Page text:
Twenty years have passed since Congress enacted P.L. 105-200, the Child Support Performance and Incentive Act (CSPIA), dramatically restructuring the child support performance incentive system. Prior to its passage in 1998, there was growing concern that the incentive system lacked an effective impetus for improving state progress toward achieving the program’s goals since all states received a minimum incentive payment based solely on its child support collections. Previously incentive payments above the minimum were based on program cost-effectiveness measured by the ratio of collections to state program costs.
CSPIA aimed to better align the incentive system to the child support program’s mission to promote responsible parenting, family self- sufficiency, and child wellbeing. To achieve this aim, CSPIA added four performance measures related to establishing and enforcing child support orders—paternity establishment, support order establishment, current support collections, and arrears collections—and retained a revised measure of cost-effectiveness. In addition to state performance on these measures, the amount of the incentive payment depends on the amount available for incentive payments in the fiscal year, the reliability of the state’s data, the state’s total amount of child support collections, and the relative performance of other states.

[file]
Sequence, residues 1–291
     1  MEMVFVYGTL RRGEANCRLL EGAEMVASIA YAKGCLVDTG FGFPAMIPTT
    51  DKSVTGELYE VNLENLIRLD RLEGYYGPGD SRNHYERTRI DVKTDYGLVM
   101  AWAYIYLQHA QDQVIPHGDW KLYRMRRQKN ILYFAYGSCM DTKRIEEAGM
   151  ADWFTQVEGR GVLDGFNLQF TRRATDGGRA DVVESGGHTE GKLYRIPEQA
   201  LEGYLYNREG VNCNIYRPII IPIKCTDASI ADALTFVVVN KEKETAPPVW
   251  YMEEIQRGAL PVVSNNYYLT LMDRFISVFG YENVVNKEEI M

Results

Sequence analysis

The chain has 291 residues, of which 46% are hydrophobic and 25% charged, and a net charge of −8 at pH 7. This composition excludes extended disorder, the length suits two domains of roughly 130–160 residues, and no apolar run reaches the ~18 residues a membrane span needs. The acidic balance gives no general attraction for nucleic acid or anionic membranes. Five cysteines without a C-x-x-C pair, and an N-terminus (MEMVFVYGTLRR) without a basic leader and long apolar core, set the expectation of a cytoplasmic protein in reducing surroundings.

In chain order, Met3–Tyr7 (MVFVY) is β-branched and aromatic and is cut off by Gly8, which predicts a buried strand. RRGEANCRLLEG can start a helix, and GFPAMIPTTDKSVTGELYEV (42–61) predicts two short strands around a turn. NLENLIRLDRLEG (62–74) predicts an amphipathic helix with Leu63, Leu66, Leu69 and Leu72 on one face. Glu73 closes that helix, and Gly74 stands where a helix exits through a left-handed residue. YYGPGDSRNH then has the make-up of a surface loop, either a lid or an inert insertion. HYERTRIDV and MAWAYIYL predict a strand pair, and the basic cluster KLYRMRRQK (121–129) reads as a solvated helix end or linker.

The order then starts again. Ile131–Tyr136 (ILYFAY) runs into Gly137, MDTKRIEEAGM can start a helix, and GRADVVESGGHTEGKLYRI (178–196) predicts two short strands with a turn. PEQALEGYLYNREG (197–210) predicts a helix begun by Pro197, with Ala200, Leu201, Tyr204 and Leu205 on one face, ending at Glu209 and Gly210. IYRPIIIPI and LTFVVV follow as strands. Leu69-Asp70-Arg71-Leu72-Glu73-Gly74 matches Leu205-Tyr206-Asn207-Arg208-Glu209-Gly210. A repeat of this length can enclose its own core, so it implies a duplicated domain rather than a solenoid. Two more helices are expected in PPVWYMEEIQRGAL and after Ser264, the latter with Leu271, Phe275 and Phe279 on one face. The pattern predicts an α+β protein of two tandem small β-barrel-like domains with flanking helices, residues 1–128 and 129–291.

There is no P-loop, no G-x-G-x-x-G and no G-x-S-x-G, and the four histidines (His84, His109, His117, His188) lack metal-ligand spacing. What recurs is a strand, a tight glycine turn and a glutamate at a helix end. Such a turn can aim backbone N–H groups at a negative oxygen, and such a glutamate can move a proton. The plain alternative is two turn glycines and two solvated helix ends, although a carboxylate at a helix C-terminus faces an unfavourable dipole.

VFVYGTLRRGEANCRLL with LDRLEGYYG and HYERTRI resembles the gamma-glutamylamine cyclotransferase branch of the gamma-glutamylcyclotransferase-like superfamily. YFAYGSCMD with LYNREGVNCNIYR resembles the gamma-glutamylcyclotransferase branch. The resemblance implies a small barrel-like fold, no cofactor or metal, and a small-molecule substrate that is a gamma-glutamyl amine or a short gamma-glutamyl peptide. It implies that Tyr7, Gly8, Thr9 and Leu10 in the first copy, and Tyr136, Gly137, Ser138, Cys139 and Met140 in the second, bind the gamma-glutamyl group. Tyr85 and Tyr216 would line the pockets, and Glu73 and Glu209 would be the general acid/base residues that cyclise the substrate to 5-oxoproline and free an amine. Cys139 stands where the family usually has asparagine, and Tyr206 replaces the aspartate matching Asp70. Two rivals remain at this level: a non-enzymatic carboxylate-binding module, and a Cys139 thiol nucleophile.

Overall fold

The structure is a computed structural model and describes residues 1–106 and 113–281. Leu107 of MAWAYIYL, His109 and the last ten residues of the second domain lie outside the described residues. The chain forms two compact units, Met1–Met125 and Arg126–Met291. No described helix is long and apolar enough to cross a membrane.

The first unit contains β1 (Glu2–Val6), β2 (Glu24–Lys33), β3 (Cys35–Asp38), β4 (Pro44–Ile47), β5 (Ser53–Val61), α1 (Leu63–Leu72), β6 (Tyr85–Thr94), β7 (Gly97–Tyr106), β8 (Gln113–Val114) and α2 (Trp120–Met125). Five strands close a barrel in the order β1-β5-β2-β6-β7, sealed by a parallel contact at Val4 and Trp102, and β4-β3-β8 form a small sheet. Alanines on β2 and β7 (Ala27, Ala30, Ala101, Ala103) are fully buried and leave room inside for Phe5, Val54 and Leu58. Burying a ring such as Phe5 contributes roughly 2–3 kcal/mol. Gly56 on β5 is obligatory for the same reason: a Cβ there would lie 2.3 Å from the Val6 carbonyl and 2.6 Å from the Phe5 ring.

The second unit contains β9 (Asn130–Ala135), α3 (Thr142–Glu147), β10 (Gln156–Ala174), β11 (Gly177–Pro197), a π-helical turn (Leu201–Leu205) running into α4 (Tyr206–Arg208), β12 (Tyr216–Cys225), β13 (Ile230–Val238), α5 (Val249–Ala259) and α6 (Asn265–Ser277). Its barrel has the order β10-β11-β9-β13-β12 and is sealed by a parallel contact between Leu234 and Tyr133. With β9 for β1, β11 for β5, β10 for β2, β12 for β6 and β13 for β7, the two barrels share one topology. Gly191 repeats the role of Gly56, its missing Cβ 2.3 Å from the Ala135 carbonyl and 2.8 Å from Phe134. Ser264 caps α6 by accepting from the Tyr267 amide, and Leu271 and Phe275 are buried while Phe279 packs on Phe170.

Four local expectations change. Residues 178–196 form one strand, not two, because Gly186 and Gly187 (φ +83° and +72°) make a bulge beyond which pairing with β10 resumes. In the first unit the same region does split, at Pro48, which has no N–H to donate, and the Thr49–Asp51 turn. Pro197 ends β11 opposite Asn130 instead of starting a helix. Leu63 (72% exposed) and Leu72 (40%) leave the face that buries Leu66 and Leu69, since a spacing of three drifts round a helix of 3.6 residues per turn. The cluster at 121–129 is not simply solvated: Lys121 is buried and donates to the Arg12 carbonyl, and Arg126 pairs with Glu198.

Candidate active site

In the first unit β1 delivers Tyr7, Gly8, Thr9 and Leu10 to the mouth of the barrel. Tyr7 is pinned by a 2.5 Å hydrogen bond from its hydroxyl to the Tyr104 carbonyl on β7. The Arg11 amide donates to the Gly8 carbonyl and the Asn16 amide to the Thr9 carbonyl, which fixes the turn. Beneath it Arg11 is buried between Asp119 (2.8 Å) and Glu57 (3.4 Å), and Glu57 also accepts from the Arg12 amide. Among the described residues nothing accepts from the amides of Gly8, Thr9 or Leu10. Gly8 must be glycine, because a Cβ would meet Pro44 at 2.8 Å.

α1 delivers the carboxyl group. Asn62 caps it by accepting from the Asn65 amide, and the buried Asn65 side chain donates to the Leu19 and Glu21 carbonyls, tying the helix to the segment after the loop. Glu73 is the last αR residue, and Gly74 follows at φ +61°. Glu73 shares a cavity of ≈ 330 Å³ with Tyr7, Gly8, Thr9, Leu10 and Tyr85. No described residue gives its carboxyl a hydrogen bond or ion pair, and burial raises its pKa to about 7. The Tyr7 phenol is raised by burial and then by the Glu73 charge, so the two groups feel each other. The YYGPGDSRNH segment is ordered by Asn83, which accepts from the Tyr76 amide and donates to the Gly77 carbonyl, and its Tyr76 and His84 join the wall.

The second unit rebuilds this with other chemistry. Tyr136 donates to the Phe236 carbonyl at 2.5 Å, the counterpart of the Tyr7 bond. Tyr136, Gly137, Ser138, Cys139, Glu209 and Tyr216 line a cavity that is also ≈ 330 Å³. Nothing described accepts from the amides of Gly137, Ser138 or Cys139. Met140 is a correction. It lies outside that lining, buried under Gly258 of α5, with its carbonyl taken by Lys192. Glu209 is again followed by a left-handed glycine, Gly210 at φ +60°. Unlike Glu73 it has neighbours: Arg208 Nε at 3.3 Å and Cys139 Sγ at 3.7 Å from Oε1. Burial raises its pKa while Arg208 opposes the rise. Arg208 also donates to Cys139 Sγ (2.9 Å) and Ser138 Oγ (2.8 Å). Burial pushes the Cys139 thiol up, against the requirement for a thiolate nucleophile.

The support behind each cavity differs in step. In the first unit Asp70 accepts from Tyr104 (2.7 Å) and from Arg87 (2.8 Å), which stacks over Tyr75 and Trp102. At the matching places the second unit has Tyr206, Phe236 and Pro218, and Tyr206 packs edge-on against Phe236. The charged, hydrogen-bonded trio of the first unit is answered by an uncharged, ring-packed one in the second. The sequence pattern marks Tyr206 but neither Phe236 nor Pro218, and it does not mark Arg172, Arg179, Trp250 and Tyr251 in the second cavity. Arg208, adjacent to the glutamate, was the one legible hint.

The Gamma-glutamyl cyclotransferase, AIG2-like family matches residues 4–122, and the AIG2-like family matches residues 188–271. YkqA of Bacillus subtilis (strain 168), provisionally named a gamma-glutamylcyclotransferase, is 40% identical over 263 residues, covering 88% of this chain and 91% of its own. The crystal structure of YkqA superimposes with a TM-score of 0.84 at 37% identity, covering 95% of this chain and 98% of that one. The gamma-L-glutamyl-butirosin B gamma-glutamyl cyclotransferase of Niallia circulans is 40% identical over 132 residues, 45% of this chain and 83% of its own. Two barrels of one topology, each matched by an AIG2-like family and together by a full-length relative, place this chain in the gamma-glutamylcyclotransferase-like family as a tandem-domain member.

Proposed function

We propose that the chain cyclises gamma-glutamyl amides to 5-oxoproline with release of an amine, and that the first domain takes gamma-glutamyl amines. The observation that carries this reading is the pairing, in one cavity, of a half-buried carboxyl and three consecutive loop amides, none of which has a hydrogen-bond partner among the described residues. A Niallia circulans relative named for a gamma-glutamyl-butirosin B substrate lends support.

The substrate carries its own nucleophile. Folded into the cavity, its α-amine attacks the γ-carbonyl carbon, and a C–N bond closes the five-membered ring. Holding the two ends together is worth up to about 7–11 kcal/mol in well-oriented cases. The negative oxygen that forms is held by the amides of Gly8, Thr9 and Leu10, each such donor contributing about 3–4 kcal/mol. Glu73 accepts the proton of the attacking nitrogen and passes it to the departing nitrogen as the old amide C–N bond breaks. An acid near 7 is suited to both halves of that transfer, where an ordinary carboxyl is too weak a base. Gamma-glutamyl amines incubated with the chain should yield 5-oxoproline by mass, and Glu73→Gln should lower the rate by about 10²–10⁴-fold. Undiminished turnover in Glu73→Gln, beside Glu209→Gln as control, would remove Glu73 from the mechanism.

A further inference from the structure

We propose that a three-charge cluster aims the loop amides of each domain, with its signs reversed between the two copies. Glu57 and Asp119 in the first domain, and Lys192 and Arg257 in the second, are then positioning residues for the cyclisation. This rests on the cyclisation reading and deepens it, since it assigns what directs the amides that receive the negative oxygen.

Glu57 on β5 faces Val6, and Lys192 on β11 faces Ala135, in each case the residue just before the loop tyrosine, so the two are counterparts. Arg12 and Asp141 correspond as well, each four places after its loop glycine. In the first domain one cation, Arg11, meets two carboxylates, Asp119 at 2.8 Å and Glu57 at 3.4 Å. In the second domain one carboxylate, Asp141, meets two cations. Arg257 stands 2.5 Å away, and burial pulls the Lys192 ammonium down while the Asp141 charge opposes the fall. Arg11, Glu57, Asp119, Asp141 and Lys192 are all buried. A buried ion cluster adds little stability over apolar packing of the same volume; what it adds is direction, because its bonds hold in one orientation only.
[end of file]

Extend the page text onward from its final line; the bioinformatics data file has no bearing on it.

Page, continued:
This brief builds on previous work by Sorensen (2016) examining national trends in child support performance by assessing the extent to which performance varies across states and across measures. 5 We discuss, for each measure, how states’ performance has changed since the implementation of CSPIA, the extent to which states’ performance varies, and opportunities for improvement. We then examine states’ recent performance by highlighting measures that have significant improvement from 2011 through 2016. The brief concludes with a discussion of next steps for future analyses. (Edited author summary)